Since the Model S arrived in 2012, Tesla has mostly enjoyed the electric car market to itself. The legacy auto industry (that is, older and more established auto firms), were caught by surprise, then unable to move quickly due to their vast size.
The Volkswagen emissions scandal certainly helped move things along, but even with that and considerable pressure from Tesla, the industry giants suddenly faced a problem. They hadn't yet started investing in electric vehicles (EV), and instead were still developing internal combustion engines on the usual decade-long cycle, while Tesla showed drivers a credible, environmentally-friendly alternative.
- Electric car battery recycling: Where are we now, and what happens next?
- Google Maps makes it easier to find the right car charger
- Electric Ford Mach-E announced with 300-mile range
Now though, after a few strong counterstrikes from Jaguar, Audi and Porsche, the legacy car makers are in the game. They are up to speed and 2020 will be the year we see the electric car go truly mainstream.
It will be a year that sees electric cars and trucks of all shapes and sizes come to market; they will (almost) all offer decent range and fast charging times. Many will share the same ultra-high-speed charging networks in the US and Europe, and instead of offering one token EV, like Jaguar does currently with the I-Pace, manufacturers will build up entire subdivisions, like ID by Volkswagen and e-tron by Audi.
This will be the year we also see hugely popular, everyday cars go electric. Instead of launching a one-off electric car to test the water (again, like the I-Pace), BMW will add an electric Mini to the existing line-up, Fiat is expected to revive its electric 500e, Audi's e-tron range will grow, and both Peugeot and Seat each have a couple of EVs waiting in the wings.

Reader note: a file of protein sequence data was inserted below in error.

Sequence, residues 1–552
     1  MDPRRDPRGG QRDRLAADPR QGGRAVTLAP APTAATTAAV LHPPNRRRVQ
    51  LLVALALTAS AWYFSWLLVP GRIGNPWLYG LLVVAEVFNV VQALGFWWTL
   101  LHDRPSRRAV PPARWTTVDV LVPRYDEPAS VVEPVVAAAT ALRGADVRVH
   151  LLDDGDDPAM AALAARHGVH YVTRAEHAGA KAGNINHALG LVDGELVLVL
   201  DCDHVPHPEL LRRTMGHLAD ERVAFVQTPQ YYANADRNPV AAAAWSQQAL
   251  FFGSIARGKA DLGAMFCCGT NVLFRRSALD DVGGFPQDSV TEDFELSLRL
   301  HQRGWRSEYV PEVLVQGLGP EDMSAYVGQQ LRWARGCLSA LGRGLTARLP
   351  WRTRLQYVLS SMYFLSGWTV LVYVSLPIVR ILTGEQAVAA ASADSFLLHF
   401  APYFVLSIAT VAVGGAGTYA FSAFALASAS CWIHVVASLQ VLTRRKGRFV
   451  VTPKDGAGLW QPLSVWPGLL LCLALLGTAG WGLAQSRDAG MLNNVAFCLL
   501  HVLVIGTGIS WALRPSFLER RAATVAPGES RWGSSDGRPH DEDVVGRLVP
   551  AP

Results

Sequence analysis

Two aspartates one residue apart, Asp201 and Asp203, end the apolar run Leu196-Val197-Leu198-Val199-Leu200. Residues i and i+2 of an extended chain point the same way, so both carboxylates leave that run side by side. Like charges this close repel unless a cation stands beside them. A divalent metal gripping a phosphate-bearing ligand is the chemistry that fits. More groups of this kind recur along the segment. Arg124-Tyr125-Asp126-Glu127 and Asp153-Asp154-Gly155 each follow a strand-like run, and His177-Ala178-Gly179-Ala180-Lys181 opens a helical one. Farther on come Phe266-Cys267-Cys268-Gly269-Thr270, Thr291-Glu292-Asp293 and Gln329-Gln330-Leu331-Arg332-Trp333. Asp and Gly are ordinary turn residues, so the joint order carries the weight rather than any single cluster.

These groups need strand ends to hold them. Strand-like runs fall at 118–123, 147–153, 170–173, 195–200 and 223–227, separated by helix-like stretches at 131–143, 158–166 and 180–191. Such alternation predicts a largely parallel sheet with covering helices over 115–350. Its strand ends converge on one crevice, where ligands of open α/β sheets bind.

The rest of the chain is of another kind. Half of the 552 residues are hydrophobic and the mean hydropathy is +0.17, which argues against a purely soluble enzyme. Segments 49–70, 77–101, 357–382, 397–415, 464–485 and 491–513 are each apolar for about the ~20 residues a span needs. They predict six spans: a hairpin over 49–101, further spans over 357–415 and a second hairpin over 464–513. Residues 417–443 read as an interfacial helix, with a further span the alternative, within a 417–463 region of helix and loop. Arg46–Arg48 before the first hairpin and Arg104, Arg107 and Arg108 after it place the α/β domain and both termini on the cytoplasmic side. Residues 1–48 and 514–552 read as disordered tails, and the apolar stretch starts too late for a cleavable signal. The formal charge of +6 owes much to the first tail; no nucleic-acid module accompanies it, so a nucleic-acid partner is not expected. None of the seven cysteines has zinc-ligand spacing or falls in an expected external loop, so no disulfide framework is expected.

European cities with their increasing legislation against combustion will be key battlegrounds for legacy car makers launching their first EVs. Instead of following the Tesla, Jaguar, Audi and Porsche route of launching their first EVs at the luxury end of the market, Volkswagen, Vauxhall, Skoda, Seat, Mini and Honda will all begin deliveries of affordable, city-friendly electric cars in 2020.
These should all sit below the Tesla Model 3's circa-$35,000 price, thus putting a whole range of electric cars within reach of millions more buyers than would ever consider a Tesla.
Many of these vehicles will work with the Electrify America charging network in the U.S., and its European equivalent, called Ionity. The former is a subsidiary of VW, but partners include Audi, Ford and EV startup Lucid Motors; the latter is a joint effort involving BMW Group, Daimler, Ford, and Volkswagen Group.
No one manufacturer will end 2020 with an exclusive network to match the Tesla Supercharger system, but by partnering and tackling the infrastructure challenge together, they might not need to. Just as with the cars themselves, Tesla's lead in the charging market will likely be eroded through 2020.